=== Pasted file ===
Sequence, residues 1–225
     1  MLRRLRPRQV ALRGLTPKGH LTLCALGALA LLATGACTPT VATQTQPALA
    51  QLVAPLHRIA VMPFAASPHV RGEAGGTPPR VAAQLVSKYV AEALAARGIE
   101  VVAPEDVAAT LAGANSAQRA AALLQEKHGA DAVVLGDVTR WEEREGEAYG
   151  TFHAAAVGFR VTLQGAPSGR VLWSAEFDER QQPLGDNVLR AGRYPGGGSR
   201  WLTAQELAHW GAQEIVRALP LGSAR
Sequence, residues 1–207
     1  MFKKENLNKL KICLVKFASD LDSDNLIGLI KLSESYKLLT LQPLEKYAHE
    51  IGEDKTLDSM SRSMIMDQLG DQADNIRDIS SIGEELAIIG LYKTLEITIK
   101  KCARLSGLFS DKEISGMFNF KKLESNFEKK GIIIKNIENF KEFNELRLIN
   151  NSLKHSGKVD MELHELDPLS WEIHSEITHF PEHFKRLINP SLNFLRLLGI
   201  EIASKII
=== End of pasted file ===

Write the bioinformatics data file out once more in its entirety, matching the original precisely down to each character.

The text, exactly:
Sequence, residues 1–225
     1  MLRRLRPRQV ALRGLTPKGH LTLCALGALA LLATGACTPT VATQTQPALA
    51  QLVAPLHRIA VMPFAASPHV RGEAGGTPPR VAAQLVSKYV AEALAARGIE
   101  VVAPEDVAAT LAGANSAQRA AALLQEKHGA DAVVLGDVTR WEEREGEAYG
   151  TFHAAAVGFR VTLQGAPSGR VLWSAEFDER QQPLGDNVLR AGRYPGGGSR
   201  WLTAQELAHW GAQEIVRALP LGSAR
Sequence, residues 1–207
     1  MFKKENLNKL KICLVKFASD LDSDNLIGLI KLSESYKLLT LQPLEKYAHE
    51  IGEDKTLDSM SRSMIMDQLG DQADNIRDIS SIGEELAIIG LYKTLEITIK
   101  KCARLSGLFS DKEISGMFNF KKLESNFEKK GIIIKNIENF KEFNELRLIN
   151  NSLKHSGKVD MELHELDPLS WEIHSEITHF PEHFKRLINP SLNFLRLLGI
   201  EIASKII